"Some people play golf. Some people play basketball. I like shopping," Brown said. "Where do I like shopping? The Dollar Store," Brown said, eliciting chuckles from the courtroom.
Simmons, who has pleaded guilty to two related charges, testified Wednesday that Brown ordered him to take money from One Door's accounts and deposit it into her personal bank account. He said he also forged checks from the charity but left the amount blank and gave the checks to Brown in her office, also on her orders.
Prosecutors say Brown would write the One Door checks out to the business of another staffer, Von Alexander, who owned a public relations agency. Alexander testified that she would deposit the checks into her agency's account, then write checks out to cash as instructed by Brown. Alexander said she then deposited that cash into Brown's personal account.
Prosecutors presented evidence that One Door funds were used to finance numerous expensive events, including a luxury box at an NFL game, a Beyonce concert and a golf tournament at TPC Sawgrass in Florida. Brown was at all of the events, and her name was used on materials promoting them as benefits for One Door.
Despite this evidence, she said she didn't know that One Door money was going directly into her account.
"(I) did not steal. That’s not who I am," Brown said. "I am someone who deeply cares about her community, works night and day for her constituents, did job fairs, foreclosure workshops, always involved in so many projects that I didn’t take time to take care of my personal affairs. I should have been more attuned to what was going on around me.”
"How could you not know about thousands of dollars going into your bank account?" her attorney asked.
"I wish I could answer that. I wish I paid closer attention to my finances. I was always busy working on things for my constituents," Brown said.
Brown, 70, represented a Jacksonville congressional district from 1993-2016. She lost re-election after she was indicted last summer. On the stand, she said she didn't know about the scheme until after the indictment was filed, and that her only mistake was being too trusting of Simmons, and perhaps too laissez-faire about her personal finances.
"I got so busy ... that I wasn't taking care of Corrine's business," she said. "I made mistakes -- not paying close attention, and not taking care of me."
Duva pointed out in cross-examination that being a member of Congress is a demanding job that requires high intelligence -- the opposite of the portrait Brown sought to portray of herself on Thursday.
Duva pointed out that Brown had mastered the intricacies of the complicated federal budget process, and been successful over her decades in office in winning money and jobs for her district.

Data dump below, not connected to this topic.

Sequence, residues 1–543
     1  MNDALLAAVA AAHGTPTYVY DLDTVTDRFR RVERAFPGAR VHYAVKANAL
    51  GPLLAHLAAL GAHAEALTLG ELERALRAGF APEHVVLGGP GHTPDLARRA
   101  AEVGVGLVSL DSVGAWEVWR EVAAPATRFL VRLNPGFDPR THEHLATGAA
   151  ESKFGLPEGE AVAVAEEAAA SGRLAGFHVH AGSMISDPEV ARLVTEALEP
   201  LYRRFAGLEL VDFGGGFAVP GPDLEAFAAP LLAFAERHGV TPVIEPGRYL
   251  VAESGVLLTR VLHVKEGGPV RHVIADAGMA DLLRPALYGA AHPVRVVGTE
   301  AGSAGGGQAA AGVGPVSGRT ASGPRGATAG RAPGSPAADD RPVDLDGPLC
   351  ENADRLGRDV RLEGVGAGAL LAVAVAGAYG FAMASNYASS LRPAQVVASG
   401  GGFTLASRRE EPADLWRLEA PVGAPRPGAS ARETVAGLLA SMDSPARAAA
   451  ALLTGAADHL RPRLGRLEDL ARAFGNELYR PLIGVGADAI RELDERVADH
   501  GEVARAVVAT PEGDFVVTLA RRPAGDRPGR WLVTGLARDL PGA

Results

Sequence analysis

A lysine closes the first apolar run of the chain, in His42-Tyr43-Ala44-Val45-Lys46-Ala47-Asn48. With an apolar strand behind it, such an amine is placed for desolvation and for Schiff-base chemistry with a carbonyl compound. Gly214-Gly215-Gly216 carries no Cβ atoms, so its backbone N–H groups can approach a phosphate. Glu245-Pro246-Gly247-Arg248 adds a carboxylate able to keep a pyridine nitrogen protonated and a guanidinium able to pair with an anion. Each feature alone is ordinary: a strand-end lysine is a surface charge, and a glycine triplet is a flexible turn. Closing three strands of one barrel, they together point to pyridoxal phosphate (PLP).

"You had a slogan. What was the slogan?" Duva asked Brown.
"Corrine delivers," she responded.
Federal fraud case
At the center of the government's case against Brown is One Door for Education, an unregistered Virginia-based charity that was headed by Wiley, who has pleaded guilty to related charges and is awaiting sentencing.
"I don’t want anyone who donated money to think it did not go to where I said it would," Brown said on the stand. "I heard more about One Door in the past 15 months. Before it was not a major issue. Now I know it should have been."
Visit our Special Section to learn what's happened in and outside the courtroom, context from our team of legal experts and background on the case and the congresswoman.
Over several days of testimony, prosecutors documented that at least $300,000 of One Door's funds paid for receptions, luxury boxes at sporting events and concerts, and trips and expenses for Brown and her associates.
"Every event you have, there is a cost associated with that," Brown said. “If they cost too much money, we didn’t have it again.”
She said she had no idea One Door wasn't properly registered.
"I think this would be a lesson for a lot of people, make sure they have their 501(c)(3)," Brown said.
Brown's testimony Thursday, including a comment on the hopes of the Jacksonville Jaguars, sparked laughter from the gallery several times, and at least once people watching the proceedings from an overflow room stood up and cheered.
Brown's attorney has argued Simmons was the mastermind and took advantage of the aging lawmaker.
"I would have fired him (if I knew he was stealing), but I loved him," Brown testified Thursday of Simmons, who she said was like a son to her.
She said she first learned Simmons had been stealing money when he took his plea agreement.
“I did not know Ronnie was not taking money that was not his reimbursement," Brown said. “There is no way I would have done anything to cause Ronnie to go to jail or anybody. Never would I have done (that).”